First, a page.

Construction of the offshore 33 kV to 132 kV substation (structure sub-contracted to McNulty Offshore Construction/Atkins PLC.[12]) and of the onshore 132 kV to 400 kV substation was completed by April 2012.[13]

In August 2011, the consortia of DONG, Siemens, and Centrica began to seek financing for the £1 billion project, committing to providing £166.7, £75 and £333.3 million respectively (£575 million total). In June 2012 the consortia obtained financing for the project with £425 million of nonrecourse debt facilities provided from a consortium of 10 banks. Approximately 75%, of the project cost was for the wind farm installation, the remainder for the high voltage electricity transmission link.[14]

Construction began in 2010; installation of the 75-monopile tower foundation by MT Højgaard was completed by June 2012, with the underwater installation phase completed by September 2012.[15] The first generator had been installed by 14 July 2012.[16] The wind farm was scheduled become operational in the second half of 2012, and be complete by 2013:[17] the final turbine was installed by March 2013;[18] and the wind farm officially opened by Deputy Prime Minister Nick Clegg in August 2013,[19] with commissioning complete in September 2013.[20] The license for the electrical transmission link was awarded to TC Lincs OFTO Limited for £308 million in late 2014.[21]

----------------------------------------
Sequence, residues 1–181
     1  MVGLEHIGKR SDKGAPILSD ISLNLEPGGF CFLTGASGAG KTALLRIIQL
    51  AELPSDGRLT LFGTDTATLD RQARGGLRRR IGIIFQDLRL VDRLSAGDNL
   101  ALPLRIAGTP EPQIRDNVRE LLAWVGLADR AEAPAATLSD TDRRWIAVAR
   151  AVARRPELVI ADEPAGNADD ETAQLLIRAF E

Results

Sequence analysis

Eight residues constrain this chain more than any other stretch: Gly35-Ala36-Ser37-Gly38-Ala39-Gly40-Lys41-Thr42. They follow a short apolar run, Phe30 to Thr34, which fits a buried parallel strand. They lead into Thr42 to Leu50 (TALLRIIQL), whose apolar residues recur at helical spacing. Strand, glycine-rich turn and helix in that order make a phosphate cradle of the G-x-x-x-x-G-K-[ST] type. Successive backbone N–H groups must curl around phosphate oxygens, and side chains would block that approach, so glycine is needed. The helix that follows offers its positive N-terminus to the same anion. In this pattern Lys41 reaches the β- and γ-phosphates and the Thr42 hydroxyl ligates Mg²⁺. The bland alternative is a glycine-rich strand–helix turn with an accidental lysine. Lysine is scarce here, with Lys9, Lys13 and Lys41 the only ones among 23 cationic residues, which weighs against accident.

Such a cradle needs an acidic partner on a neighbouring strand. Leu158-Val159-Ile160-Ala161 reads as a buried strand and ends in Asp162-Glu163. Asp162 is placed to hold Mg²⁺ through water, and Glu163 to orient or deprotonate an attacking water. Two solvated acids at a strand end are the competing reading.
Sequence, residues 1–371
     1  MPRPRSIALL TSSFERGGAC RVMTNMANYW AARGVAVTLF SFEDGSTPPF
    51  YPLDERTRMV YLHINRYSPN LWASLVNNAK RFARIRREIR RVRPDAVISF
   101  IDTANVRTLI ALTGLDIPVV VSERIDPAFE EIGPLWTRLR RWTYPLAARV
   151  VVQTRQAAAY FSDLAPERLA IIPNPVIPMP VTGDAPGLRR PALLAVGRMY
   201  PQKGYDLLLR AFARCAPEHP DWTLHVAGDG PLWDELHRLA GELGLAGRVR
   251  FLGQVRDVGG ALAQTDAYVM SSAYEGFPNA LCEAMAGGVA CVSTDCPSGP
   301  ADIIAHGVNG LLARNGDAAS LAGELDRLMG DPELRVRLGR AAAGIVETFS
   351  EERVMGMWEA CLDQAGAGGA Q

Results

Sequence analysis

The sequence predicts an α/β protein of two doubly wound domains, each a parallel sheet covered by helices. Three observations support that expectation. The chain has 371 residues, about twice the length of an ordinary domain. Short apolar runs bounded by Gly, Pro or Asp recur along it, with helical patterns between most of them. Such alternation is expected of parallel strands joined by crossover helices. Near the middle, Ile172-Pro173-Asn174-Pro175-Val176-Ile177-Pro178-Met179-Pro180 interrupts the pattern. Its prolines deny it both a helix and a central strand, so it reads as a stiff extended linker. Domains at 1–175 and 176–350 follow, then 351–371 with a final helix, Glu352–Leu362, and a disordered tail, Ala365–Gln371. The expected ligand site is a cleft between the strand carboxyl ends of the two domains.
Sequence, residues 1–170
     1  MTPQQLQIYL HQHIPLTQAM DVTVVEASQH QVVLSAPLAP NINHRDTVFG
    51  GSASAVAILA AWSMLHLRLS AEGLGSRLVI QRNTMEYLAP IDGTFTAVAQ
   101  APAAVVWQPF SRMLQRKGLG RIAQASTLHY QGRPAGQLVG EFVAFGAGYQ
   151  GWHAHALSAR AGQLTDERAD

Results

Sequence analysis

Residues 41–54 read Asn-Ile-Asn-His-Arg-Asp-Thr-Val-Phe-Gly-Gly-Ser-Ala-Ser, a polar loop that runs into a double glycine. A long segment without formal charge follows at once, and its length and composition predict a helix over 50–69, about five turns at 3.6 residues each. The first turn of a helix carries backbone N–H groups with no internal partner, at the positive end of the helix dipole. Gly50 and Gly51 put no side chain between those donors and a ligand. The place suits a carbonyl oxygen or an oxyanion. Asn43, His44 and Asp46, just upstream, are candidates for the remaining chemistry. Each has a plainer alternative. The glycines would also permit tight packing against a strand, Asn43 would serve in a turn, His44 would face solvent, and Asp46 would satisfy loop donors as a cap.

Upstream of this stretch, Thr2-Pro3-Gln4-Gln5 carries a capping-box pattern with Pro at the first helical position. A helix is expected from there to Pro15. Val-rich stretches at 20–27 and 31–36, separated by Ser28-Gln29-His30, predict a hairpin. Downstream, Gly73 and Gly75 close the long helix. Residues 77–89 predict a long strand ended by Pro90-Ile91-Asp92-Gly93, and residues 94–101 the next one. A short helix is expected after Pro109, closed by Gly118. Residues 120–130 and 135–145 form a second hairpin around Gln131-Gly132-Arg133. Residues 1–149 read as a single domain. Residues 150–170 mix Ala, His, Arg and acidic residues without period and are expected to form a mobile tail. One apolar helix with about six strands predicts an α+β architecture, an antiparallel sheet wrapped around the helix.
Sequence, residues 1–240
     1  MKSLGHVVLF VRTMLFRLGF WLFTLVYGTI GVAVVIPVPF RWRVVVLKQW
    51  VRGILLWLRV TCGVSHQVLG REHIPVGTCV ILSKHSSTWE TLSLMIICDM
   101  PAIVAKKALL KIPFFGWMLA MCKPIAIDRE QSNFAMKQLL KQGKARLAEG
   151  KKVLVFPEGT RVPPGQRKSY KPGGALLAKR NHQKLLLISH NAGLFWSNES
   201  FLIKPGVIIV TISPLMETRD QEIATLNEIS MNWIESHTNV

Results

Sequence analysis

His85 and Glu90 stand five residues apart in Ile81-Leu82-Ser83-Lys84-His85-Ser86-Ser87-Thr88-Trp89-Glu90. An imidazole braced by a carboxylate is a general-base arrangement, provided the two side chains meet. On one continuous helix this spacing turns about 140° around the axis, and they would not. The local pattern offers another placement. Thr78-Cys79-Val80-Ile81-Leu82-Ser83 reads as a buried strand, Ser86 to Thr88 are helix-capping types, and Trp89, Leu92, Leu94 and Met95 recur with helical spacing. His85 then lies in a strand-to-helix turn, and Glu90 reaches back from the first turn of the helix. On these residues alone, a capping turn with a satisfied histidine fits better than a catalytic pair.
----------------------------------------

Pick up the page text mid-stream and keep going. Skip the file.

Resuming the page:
Technical description[edit]

The scheme has 250 MW of generating capacity, with an additional 20 MW of turbine generating capacity constructed within the nearby Lynn Wind Farm and Dowsing Wind Farm but connected to the Lincs project transmission system.[22] The project uses 75 three blade 3.6 MW Siemens wind turbines. The wind turbines have 120 metres (390 ft) rotor diameter machines with 58.5 metres (192 ft) blades with a hub height of 100 metres (330 ft) on cylindrical steel towers. The turbines were installed in 10 to 15 metres (33 to 49 ft) water depth, with a spacing of approximately 500 metres (1,600 ft) within a 35 square kilometres (14 sq mi) wind farm.[8]